CUNA Comment Letter

Reverse Mortgage Comments

February 16, 2010

Mr. Paul Sanford
Executive Secretary
Federal Financial Institutions Examination Council
L. William Seidman Center
Mailstop: D 8073a
3501 Fairfax Drive
Arlington, VA 22226-3550

RE: Docket Number FFIEC - 2009-0001 - Reverse Mortgage Comments

Dear Mr. Sanford:

The Credit Union National Association (CUNA) appreciates the opportunity to submit comments in response to the proposed guidance for reverse mortgage loans. The goal of the guidance is to help ensure that a financial institution’s risk management and consumer protection practices adequately address the compliance and reputation risks associated with reverse mortgage loans. By way of background, CUNA is the largest credit union advocacy organization in this country, representing approximately 90% of our nation’s 7,900 state and federal credit unions, which serve 93 million members.

Summary of CUNA’s Comments

In general, CUNA supports the guidance and believes it will help ensure that consumers are aware of the risks and benefits of reverse mortgage loans. Although not many credit unions at this time offer reverse mortgage loans, either under the Home Equity Conversion Mortgage program or through their own proprietary reverse mortgage programs, we believe those that do are likely already compliant with the principles outlined in the guidance.

However, we understand the need for this written guidance, since these loans are very complex and confusing, which may lead to abuses and excessive fees by other types of lenders, similar to the complex mortgage loans that were a major cause of the recent economic crises. Without such guidance, these abuses would likely grow as the population ages rapidly in coming years, resulting in greater demand for reverse mortgage loans from those who will need to access their home equity to help support themselves during their retirement years.

Specifically, CUNA strongly supports the requirements with regard to consumers receiving independent financial counseling, which we believe is essential for these types of loans. As stated in the guidance, we believe that financial counseling with regard to reverse mortgage loans should be in the form of an in-person discussion between the counselor and the borrower.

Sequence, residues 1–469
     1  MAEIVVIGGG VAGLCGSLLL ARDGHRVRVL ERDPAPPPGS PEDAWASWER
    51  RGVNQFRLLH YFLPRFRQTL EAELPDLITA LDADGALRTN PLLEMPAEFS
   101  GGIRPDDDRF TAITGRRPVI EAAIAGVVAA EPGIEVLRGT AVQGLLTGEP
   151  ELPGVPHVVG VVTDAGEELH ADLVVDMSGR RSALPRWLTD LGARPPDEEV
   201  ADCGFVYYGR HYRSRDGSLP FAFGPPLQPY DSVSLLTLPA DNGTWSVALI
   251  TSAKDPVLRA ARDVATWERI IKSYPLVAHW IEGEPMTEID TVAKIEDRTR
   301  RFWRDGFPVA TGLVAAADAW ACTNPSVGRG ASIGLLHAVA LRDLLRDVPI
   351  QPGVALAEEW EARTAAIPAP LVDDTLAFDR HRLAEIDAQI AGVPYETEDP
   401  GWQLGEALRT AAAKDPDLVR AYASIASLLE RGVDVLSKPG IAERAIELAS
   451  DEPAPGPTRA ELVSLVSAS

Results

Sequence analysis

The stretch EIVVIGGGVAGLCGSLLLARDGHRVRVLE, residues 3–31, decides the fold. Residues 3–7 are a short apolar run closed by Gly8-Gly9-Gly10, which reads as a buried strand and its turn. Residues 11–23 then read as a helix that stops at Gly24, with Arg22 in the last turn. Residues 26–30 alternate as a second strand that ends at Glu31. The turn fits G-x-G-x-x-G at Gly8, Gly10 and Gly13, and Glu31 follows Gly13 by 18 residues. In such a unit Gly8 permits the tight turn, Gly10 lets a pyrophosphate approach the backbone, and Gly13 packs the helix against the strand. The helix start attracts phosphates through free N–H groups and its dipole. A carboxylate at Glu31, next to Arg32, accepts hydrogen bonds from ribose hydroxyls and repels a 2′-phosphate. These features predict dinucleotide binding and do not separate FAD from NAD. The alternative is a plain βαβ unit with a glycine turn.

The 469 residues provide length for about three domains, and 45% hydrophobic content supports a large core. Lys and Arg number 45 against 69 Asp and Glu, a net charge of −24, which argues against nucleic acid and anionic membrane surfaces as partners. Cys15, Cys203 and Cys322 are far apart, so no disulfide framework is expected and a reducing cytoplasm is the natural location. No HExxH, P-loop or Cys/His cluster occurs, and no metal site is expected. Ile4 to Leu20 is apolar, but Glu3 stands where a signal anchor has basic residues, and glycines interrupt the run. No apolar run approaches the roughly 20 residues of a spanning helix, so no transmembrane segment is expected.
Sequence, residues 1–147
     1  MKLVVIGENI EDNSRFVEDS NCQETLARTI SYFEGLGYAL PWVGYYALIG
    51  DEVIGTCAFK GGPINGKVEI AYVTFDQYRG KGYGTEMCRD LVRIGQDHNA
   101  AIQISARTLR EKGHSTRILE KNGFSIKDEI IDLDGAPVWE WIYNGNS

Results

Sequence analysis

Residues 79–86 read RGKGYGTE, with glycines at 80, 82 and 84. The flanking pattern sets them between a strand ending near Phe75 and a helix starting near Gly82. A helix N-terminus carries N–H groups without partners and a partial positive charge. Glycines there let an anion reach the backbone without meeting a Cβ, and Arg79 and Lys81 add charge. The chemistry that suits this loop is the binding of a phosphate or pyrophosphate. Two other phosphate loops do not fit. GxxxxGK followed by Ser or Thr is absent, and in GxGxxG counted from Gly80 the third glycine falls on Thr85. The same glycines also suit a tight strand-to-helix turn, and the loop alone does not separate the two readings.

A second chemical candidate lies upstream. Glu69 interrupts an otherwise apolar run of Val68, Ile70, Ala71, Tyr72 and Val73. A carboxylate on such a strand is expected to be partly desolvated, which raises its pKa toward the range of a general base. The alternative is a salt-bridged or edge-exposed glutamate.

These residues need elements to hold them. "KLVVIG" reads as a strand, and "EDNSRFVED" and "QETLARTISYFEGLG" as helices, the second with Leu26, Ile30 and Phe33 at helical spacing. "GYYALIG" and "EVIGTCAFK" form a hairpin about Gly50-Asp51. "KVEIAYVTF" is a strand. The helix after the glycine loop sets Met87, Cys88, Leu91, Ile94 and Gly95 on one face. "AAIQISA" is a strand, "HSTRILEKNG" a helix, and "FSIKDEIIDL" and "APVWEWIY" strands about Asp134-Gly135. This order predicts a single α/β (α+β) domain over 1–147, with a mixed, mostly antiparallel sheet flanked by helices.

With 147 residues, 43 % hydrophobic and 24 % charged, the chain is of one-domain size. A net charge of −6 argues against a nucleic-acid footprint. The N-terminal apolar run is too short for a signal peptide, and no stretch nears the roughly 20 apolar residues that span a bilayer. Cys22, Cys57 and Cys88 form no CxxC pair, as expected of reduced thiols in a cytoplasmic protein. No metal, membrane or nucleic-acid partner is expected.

In this regard, we believe the language in the guidance should be even stronger in emphasizing that this counseling should be an in-person meeting, as opposed to a telephone discussion. One means to emphasize this form of counseling is to make it clear that there should only be very limited exceptions to the requirement that the counseling be performed in-person. An example may be when the consumer is ill or otherwise incapacitated. This is the approach followed in North Carolina in which the independent, nonprofit financial counselors are state-regulated and licensed, and we believe the proposed guidance should be modeled after this approach.

Furthermore, we believe telephone counseling is ineffective. Such counseling is usually in the form of brief 5-15 minute discussion, as opposed to an in-person discussion, which is usually an hour or so in length. The in-person session also gives the consumer ample opportunity to learn all the details of the reverse mortgage loan, as well as possible options, and to have all questions answered. Such counseling is vital for reverse mortgage loans as they are very complex and not easily understood by consumers.

As for the timing of the counseling, we certainly agree that general guidance and information about reverse mortgage loans should be provided before the application is submitted. However, the specific counseling as envisioned in the proposed guidance should not occur until after the application is submitted. To provide such counseling earlier in the process will not allow the counselor to discuss the ramifications of the specific loan that the consumer has chosen. Therefore, we believe this type of counseling should occur after the loan disclosures are provided by the lender so that the counselor can provide advice that is specifically tailored to the loan chosen by the borrower.

We also support the provisions in the guidance that address conflicts of interest, which outline inappropriate compensation and incentives, such as those that encourage consumers to purchase other products and services at the time they obtain the reverse mortgage loan. Due to the potential for abuses, as described above, we agree that such conflicts should be avoided.

In addition, we agree with the provisions that address the policies, procedures, and internal controls that financial institutions should have in order to address the issues in the guidance, which would include adequate training and compliance reviews. We also agree with the provisions that outline the responsibility of financial institutions to mange third-party relationships as they apply to reverse mortgage loans. This includes the compliance and reputation risks presented by such relationships, much of which is already outlined in separate guidance that has been issued previously by NCUA.

Thank you for the opportunity to comment on the proposed guidance for reverse mortgage loans. If you have questions about our comments, please contact Senior Vice President and Deputy General Counsel Mary Dunn or me at (202) 638-5777.


Jeffrey Bloch
Senior Assistant General Counsel